The Butler County Health Department has requested an emergency allotment of Narcan after five suspected fentanyl/heroin drug overdose deaths were reported in a 26-hour span.
Butler County made the request and added classes on how to properly dispense the drug that reverses the effects of opiate overdoses after five people died from overdosing between Jan. 19-20, according to the Butler County Coroner’s Office.
“It’s certainly concerning,” Dr. Lisa Mannix, Butler County coroner, said of the 26-hour spike. “Either use is up or potent product is out there. Something is going on.”
Three of the five people overdosed in Middletown and the others were in Monroe and West Chester Twp., according to the coroner’s office. All were males, and four were white, the other African-American. The average age of the deceased was 36.
Jenny Bailer, nursing director of the Butler County Health Department, said the free Narcan from the state’s Mental Health and Addiction Board will be distributed in the neighborhoods where the overdoses were reported.
The first call came into the coroner’s office at 12:20 p.m. Jan. 19 in Monroe and the fifth and final call was made at 2:13 p.m. Jan. 20 in Middletown, the coroner’s office said.
Initially, Mannix said after her office received coroner requests “one after another,” she wondered if it was a fluke or if the trend would continue throughout the weekend. She immediately contacted county health and EMS departments and law enforcement agencies.
She wanted them to alert residents about the “flurry” of opiate related deaths, but there were no more suspected opiate deaths in the county the rest of the weekend, Mannix said.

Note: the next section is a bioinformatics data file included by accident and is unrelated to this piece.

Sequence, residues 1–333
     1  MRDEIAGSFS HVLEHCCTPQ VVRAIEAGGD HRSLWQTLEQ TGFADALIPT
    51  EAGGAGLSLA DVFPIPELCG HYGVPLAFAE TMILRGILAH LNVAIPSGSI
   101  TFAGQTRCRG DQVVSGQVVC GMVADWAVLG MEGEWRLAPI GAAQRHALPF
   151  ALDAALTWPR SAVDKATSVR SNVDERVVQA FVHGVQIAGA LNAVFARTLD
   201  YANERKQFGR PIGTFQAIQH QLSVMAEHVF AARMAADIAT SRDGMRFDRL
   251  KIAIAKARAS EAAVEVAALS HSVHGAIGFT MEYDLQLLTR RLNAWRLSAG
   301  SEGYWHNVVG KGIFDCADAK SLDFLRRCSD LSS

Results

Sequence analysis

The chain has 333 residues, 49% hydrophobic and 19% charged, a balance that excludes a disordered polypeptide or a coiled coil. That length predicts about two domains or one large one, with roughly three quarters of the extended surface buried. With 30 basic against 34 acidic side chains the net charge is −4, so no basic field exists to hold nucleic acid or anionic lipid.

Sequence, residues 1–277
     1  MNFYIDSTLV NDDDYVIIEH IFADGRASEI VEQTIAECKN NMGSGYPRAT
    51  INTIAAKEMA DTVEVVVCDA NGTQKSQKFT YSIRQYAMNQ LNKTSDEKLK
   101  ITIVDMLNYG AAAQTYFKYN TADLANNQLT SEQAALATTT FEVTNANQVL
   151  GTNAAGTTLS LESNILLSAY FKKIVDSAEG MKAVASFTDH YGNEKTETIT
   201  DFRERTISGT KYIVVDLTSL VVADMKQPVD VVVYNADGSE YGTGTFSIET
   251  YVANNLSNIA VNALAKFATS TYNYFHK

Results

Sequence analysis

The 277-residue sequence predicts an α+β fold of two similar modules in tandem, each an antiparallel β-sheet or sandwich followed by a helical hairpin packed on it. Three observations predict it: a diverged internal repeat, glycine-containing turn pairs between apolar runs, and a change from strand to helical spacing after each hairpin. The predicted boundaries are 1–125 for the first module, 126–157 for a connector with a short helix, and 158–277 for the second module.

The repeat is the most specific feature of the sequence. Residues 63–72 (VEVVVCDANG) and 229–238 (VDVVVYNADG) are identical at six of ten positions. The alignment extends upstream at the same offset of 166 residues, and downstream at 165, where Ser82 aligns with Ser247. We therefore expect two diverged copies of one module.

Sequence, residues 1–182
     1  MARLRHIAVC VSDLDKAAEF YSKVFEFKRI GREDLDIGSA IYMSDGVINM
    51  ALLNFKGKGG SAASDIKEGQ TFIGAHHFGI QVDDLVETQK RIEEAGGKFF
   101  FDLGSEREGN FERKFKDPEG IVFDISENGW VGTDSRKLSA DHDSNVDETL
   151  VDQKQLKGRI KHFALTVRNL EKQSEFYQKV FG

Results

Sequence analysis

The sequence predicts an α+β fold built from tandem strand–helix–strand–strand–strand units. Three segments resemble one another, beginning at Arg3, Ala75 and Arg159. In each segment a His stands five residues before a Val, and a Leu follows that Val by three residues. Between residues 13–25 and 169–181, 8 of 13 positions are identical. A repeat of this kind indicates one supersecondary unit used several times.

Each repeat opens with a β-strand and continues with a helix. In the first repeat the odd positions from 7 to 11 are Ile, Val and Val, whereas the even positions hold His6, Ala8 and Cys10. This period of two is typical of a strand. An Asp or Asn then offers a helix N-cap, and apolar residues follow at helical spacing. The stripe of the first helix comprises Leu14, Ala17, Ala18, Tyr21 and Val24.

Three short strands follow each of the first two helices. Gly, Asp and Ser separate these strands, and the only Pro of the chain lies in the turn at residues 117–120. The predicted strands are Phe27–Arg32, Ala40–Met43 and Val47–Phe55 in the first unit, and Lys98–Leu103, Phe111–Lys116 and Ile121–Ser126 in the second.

Five overdoses typically occur in one week in Butler County, she said.
For the first seven months last year, there were 113 drug overdoses and 89, or 79 percent, were heroin/fentanyl related, the Butler County Coroner’s Office said. In 2015 in Butler County, there were 189 drug overdoses, and 149, or 79 percent, were heroin related, officials said.
Mannix expects the number of total overdoses for 2016 to be announced soon. Preliminary reports indicate 2016 will break the record for overdoses set in 2015.
“The trend continues,” Mannix said. “These drugs will kill you. … The question is how do we stop the use before it kills you.”
In response to the heroin epidemic throughout the region, community groups have been formed; paramedics are armed with Narcan; pharmacies are selling Narcan; drug rehabilitation centers have opened; and clean needle exchanges have started.
“It’s roulette,” Mannix said of heroin. “You don’t know what you get one dose to the next. The product you use today and what you buy tomorrow is probably not the same thing. It may be less potent or it may be more potent.”